Lady Rams look to Parks for leadership

Senior Robyn Parks battles for position during VCU’s 63-62 win against University of Richmond on Saturday, Feb. 8. Photo by Brandon Geib.

Nathan Heintschel
Contributing Writer

For all the acclaim Shaka Smart’s team gets, the best basketball player on VCU’s campus might not be on his roster.

Robyn Parks, a senior on the women’s basketball team, is the Atlantic 10’s leading scorer and rebounder through 25 games of the 2013-14 season.

Parks is one of the most prolific scorers in the country. She entered the week of Feb. 2 as the 11th-ranked scorer nationwide, averaging 22.5 points per game. She also ranks fourth in the A-10 in steals.

Parks attributes her current success this year to her game’s mental aspects.

“I think it’s my mindset because I’m a senior, so it’s now or never,” Parks said. “I don’t have next year to get better or look back on things and say, ‘okay, well I gotta do this differently,’ It’s now. If I don’t get a ring this year, I’m not gonna get one in college.”

Lady Rams head coach Marlene Stollings affirmed Parks’ approach to the season.

“She’s our leader on both ends of the floor,” Stollings said. “When she plays well, we typically have great success. The fact that she’s a senior, all of our newcomers look up to her. She’s playing with a sense of urgency that we’ve not seen since we’ve been here, understanding that there is six games left in the regular season. She desires to potentially hang a banner and that’s something that is still out there and up for grabs.”

Parks is listed as a guard and forward by the VCU Athletics Department. She clarified the broad listing as a hybrid role that allows her to take advantage of the opposing defense in the post or on the perimeter.

“A lot of the times I do end up with smaller people on me so therefore advantage me,” Parks said. “If I’m going against somebody my size or bigger then I can take them outside, take them off the dribble.”

Parks’ style of play coincides with her admiration for professional players like Candace Parker, Seimone Augustus and Kevin Durant. All three players are known for converting defensive mismatches into points.

Stollings said Parks leads the team on both ends of the floor.

“She can score in a variety of ways,” Stollings said. “We’ve got her at the four position and that’s a matchup problem for a lot of people who play man-to-man because she has a lot of guard skills. She can go out and shoot the three, she can go down low and post you up, she can take you off the dribble. So certainly her versatility causes problems for a lot of people.”

Stollings was hired June 2012, and she brought a fast-paced transition offense that took precedence over the traditional half-court offense. The rigorous offseason training required for the Lady Rams to acclimate to Stollings’ intense system has its ups and downs.

“During it, you don’t really appreciate it,” Parks said. “It’s not fun at all. But when you get to see the outcome, the things that happen, you see your hard work paying off. That’s when you start to appreciate it.”

Parks immediately flourished in Stollings’ new offense, as her scoring output jumped from 6.6 PPG in 2011-12 to 18.7 PPG in the 2012-13 season. Continuing to improve under her new head coach, Parks is averaging 22.5 PPG so far in 2013-14.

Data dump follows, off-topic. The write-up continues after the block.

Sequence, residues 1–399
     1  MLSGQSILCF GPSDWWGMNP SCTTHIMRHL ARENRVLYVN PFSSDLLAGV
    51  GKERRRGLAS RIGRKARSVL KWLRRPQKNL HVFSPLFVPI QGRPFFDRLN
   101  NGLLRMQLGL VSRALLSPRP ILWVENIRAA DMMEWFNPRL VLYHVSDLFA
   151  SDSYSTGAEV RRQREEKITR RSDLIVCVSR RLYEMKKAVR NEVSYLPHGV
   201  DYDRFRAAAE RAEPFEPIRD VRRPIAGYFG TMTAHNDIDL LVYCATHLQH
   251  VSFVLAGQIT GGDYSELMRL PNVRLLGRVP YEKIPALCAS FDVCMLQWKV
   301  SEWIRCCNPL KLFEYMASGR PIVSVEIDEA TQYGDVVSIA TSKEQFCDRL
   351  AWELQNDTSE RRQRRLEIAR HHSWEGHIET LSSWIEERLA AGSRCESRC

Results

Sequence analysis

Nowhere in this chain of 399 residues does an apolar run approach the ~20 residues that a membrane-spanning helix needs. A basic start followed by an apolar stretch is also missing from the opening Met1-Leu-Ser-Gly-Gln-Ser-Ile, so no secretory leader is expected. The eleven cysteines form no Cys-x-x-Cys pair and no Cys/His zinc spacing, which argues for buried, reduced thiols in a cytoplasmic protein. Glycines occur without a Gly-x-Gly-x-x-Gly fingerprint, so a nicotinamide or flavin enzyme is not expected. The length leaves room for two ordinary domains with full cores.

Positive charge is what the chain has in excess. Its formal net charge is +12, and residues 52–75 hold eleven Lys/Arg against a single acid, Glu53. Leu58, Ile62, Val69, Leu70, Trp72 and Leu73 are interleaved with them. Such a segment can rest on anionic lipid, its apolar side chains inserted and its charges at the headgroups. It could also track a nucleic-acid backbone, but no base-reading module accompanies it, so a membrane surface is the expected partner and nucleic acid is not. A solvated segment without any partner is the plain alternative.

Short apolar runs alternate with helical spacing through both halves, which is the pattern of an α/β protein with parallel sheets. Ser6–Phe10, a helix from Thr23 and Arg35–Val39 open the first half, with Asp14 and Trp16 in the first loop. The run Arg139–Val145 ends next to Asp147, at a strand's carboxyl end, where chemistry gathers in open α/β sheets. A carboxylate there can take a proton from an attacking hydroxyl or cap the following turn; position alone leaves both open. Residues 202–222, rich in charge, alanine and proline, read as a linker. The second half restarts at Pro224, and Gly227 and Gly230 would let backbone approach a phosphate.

The Lady Rams as a whole have flourished as well. VCU’s points per game has increased from 59.1 PPG to 79.8 PPG.

Leadership has not been an issue this year despite 11 freshmen and sophomores on the 15-player roster.  Parks said Stollings provides strong leadership in the locker room while Parks, senior guard Zakia Williams and senior forward Ryen Henry provide direction for the younger players on the court.

“I think everybody is mature,” Parks said. “(Lead) by example. They follow what we do. They know the ins and outs.”

Stollings elaborated on Parks’ leadership style.

“She pretty much leads with her game,” Stollings said. She’s not really a verbal leader for us very much. She does get hyped for the Richmond game a little extra. She leads by example with her play.”

The Lady Rams entered conference play with a 14-1 record, which included a 13-game winning streak. Beginning with a narrow loss to La Salle University on Jan. 8, the Lady Rams alternated wins and losses for several weeks before hitting a two-game losing streak last week.

Parks said the team needs to regain their balance from their winning streak to stabilize the ups and downs of conference play.  She says the A-10 conference is tough and lacks easy opponents.

When it comes to VCU’s biggest threat in conference play, Parks said the field is wide open.

“Every team should be viewed to us as our biggest threat,” Parks said. Every time we go against an opponent, at that time, they are our biggest threat.”

The Lady Rams currently rank near the middle of the A-10 in terms of average attendance. Parks said that attendance will continue to grow as the team’s success increases. She is also looking forward to the A-10 Women’s Basketball Championship, which recently moved to the Richmond Colliseum. Parks says she expects to experience a home-like environment during postseason play this year.

Parks is slated to graduate May 2014 with a bachelor’s degree in criminal justice. She has aspirations of playing professional basketball either in the WNBA or overseas.

To University of Richmond women’s basketball head coach Michael Shafer, that comes as no surprise.

“She’s a pro,” Shafer said following Saturday’s 63-62 loss at VCU. “She’s the best player in our league.”


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